You should possibly consider looking at the transformer in two ways; one without a load and one with a load on the secondary.

Without a load on the secondary, the transformer is just an inductor and if you have components (such as L1 and R1) in series with the primary, the voltage developed on the primary will not be the full AC amount from your generator. It's a simple case of calculating the impedances and volt-drops. This is with the secondary unconnected remember.

The primary has inductance like any other coil but, for a transformer to more effective, it is desirable for the primary's self inductance to be high in power applications. If you looked at how much current flowed into the primary (secondary open circuit) you would find that the current was small compared to when driving a load on the secondary and it may have an inductance of several henries.

With 10 henries inductance, at 50Hz the impedance is 3142 ohms and from 230VAC would take a current of 73mA - that current through R1 (10 ohm) hardly drops any voltage.

It's a different matter when there is a load on the secondary. If the turns ratio is 1:1 and you have 100 ohms on the secondary, it is reasonable to argue that the impedance presented to the primary circuit is also 100 ohms. This assumes power out is close to power in. In fact the impedance relationship between primary and secondary is related to turns ratio squared. For instance if it is a 10:1 step-down transformer with a load of 100 ohms, the equivalent impedance at the primary is 10k ohms i.e. 10 x 10 x 100.

In summary, for a power transformer, you'd like the primary inductance to be infinite but that is impractical so you live with something that doesn't take too much current when the secondary is open circuit. The off-load current that flows is real current taken from the AC power and if everyone had low-impedance transformers the electricity companies would be supplying a load of current that doesn't get them revenue. This is a slight exaggeration but not far off the truth. On industrial sites power factor correction is used to minimize this effect but that's a whole new story!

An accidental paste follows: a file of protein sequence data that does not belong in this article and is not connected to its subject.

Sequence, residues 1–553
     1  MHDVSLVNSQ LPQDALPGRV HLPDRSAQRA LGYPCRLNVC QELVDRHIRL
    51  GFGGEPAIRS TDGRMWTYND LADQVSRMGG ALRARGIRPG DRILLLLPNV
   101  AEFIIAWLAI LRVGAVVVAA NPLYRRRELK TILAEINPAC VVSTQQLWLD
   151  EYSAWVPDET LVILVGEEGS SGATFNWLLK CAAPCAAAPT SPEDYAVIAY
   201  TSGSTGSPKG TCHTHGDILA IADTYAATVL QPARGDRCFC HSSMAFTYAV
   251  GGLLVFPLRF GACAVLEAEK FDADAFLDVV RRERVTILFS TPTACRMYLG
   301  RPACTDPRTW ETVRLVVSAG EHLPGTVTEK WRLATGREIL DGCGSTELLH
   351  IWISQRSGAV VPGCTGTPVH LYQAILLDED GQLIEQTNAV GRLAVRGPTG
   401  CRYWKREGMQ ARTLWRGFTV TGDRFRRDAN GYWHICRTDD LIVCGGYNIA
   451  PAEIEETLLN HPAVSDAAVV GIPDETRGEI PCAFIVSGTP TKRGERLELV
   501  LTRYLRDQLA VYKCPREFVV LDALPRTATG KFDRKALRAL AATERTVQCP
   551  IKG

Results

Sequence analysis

And if your transformer primary was 100 ohm impedance you'd be seeing something less than half your AC voltage applied. If R1 was zero then you'd see exactly half.

As regards saturation I've shown the equivalent circuit of a transformer below. Note that saturation is caused by the current flowing through the magnetizing inductor which is nothing to do with load current: -

Here is a good document from Elliott Sound Products and please note what it says about maximum flux density therefore saturation:

**Why doesn't the core saturate more under load conditions?** Imagine two coils sharing the same magnetic core. Ignore magnetization currents and losses. The primary is 100 turns and the secondary is 10 turns. If the secondary load current is 10A, the primary current must be 1A and the ampere-turns is therefore the same on both coils. Are these ampere-turns additive or subtractive? They are subtractive and this can easily be seen with dot notation....

If current is flowing into the dot on the primary, current is flowing out of the dot on the secondary and this produces opposing fluxes in the magnetic material. When you think about this you have to be consistent and use the right-hand rule to see that the two fluxes oppose and cancel.